Apple’s quietly building a small army of virtual reality developers, and has been working on a headset for several months, but it’s been typically vague about its plans with the public. And on Friday, company representatives confirmed it’s made yet another another acquisition.
“Apple buys smaller technology companies from time to time, and we generally do not discuss our purpose or plans,” Apple told Tim Bradshaw of the Financial Times, confirming its buy of Flyby Media, a company that “is dedicated to building new technology that can elevate, rather than replace, our real-world experiences.”
Flyby Media specializes in SLAM — simultaneous localization and mapping — a technology that uses a camera and sensors to track an object’s position in real time, something needed for augmented and virtual reality. Flyby also worked with Google on Project Tango, which “gives a mobile device the ability to navigate the physical world similar to how we do as humans.”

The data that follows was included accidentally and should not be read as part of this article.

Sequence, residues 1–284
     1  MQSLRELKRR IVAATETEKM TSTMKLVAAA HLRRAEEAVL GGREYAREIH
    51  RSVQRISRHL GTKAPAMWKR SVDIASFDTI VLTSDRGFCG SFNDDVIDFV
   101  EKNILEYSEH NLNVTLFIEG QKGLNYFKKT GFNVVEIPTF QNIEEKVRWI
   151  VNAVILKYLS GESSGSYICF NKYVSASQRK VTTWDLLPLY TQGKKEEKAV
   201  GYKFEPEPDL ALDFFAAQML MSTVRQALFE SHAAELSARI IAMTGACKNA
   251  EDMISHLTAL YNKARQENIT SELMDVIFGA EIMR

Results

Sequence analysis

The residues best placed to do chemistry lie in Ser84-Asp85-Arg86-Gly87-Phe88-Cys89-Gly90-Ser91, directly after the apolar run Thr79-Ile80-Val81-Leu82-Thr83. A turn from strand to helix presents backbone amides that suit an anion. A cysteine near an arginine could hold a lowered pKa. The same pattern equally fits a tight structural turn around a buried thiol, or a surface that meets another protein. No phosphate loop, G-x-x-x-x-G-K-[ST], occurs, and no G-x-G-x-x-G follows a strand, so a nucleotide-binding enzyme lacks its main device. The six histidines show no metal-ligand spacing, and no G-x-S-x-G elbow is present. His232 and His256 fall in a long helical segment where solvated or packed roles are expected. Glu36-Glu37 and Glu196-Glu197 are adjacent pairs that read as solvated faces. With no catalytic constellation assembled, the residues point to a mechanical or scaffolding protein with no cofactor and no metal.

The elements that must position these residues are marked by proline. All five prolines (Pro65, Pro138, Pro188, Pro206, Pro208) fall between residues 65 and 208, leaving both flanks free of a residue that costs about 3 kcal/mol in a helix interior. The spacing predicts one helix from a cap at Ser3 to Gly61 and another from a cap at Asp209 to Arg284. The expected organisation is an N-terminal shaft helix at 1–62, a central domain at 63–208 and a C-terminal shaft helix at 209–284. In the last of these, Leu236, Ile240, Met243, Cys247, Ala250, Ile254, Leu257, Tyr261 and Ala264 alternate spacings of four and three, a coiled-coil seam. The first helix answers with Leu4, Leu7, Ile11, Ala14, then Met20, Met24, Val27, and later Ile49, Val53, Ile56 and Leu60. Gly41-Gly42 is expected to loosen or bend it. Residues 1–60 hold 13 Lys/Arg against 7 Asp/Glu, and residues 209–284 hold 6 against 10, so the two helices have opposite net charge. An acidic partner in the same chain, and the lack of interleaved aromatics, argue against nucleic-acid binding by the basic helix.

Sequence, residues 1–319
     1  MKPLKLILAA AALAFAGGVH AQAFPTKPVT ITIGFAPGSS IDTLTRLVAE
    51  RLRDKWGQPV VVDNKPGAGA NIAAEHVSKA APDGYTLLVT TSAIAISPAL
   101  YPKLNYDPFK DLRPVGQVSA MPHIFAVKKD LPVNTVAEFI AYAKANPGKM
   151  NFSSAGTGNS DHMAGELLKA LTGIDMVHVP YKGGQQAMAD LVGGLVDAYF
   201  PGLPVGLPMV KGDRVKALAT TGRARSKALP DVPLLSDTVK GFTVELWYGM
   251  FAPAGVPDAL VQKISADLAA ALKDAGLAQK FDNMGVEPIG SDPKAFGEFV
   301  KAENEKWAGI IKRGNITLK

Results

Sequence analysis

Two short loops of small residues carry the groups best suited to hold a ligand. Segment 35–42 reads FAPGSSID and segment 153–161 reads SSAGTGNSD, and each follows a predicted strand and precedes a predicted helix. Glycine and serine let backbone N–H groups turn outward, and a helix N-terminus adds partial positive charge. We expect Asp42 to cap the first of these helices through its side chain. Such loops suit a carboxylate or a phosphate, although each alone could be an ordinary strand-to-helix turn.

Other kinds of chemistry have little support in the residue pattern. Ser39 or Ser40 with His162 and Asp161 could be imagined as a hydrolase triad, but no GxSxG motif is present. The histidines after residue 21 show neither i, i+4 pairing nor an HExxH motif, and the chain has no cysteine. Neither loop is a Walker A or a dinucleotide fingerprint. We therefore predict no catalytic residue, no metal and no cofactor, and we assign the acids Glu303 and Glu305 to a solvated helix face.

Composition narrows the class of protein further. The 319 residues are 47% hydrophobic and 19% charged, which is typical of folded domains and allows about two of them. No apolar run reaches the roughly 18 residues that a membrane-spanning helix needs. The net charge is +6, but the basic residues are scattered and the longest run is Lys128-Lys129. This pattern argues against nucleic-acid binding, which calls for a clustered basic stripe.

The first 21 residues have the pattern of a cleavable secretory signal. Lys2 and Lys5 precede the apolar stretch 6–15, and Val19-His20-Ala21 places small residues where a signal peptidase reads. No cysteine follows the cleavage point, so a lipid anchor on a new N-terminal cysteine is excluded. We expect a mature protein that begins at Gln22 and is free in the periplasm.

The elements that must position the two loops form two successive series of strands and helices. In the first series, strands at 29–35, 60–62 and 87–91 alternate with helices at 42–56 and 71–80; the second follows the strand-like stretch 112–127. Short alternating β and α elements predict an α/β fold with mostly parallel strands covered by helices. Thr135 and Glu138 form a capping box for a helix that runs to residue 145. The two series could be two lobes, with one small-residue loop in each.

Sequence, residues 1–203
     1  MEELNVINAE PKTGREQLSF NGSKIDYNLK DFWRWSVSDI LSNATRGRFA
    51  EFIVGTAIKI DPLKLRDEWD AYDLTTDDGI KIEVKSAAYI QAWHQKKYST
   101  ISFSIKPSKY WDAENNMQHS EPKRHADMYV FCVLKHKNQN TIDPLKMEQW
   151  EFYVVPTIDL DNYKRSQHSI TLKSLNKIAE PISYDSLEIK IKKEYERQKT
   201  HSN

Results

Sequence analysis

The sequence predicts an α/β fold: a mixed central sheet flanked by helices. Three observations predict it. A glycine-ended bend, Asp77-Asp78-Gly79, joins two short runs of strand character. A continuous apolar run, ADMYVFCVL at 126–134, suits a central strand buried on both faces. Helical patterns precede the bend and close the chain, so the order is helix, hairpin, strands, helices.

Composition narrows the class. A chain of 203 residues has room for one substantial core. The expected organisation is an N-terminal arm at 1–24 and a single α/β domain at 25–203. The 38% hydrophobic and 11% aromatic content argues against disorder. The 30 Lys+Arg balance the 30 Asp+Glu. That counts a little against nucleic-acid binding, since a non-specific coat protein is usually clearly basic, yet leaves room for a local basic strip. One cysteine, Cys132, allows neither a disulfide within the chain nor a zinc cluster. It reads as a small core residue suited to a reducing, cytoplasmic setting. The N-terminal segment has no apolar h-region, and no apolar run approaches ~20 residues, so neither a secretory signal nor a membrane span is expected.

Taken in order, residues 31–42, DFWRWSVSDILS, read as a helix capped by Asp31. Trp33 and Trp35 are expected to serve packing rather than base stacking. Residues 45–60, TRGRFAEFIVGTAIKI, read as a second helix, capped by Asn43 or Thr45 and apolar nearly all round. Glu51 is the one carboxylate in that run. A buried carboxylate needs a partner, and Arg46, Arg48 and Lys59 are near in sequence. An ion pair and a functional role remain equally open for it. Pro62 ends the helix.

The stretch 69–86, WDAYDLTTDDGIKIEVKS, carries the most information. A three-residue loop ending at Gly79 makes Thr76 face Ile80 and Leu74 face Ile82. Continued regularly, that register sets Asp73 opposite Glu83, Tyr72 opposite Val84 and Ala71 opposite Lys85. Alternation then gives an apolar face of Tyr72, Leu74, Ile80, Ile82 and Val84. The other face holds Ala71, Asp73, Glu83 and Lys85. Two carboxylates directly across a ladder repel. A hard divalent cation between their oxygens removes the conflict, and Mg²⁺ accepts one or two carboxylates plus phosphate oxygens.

This video — with dance music! — uploaded way back in 2013 by Flyby Media co-founder Oriel Bergig shows how 3-D mapping works.
Friday’s news that Apple bought Flyby Media is just the latest turn of the screw by the Cupertino, California company toward virtual reality. It reportedly has “hundreds of people” working on virtual reality. The FT reports the staff build-up is due to “a series of carefully targeted acquisitions, as well as employees poached from companies that are working on next-generation headset technologies including Microsoft and camera start-up Lytro, according to people familiar with the initiative.”
Back in 2013, Apple patents popped up that showed an Oculus-style headset:
Here’s another rendering:
Just this week, when asked during its fourth-quarter earnings call about virtual reality, Apple CEO Tim Cook said, “I think it’s really cool and has some interesting applications.”
And earlier this month, the Facebook-owned Oculus Rift went up for pre-sale, and while there were complaints about its hefty price tag, Oculus founder Palmer Luckey said the company’s profit margin is next-to-nothing because the components are so expensive. Even with the high cost, the Rifts were flying off the virtual pre-sale shelves.